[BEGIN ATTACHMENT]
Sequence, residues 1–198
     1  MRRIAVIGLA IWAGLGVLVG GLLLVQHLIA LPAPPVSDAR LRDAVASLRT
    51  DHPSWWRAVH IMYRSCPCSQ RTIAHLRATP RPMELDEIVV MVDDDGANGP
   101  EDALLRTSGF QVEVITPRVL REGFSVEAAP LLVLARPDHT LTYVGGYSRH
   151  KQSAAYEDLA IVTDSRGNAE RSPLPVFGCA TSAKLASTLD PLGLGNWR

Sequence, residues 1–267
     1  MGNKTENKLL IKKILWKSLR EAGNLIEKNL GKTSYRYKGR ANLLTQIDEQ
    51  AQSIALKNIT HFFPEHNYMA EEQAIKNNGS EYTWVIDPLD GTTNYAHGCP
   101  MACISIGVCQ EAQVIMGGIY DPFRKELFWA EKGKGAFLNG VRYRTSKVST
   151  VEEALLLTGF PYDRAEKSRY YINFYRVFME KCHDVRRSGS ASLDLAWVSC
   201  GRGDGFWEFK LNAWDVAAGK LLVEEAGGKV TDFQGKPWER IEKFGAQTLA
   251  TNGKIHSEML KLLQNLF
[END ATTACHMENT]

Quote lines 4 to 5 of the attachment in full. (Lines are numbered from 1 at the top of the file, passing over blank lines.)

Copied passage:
   101  EDALLRTSGF QVEVITPRVL REGFSVEAAP LLVLARPDHT LTYVGGYSRH
   151  KQSAAYEDLA IVTDSRGNAE RSPLPVFGCA TSAKLASTLD PLGLGNWR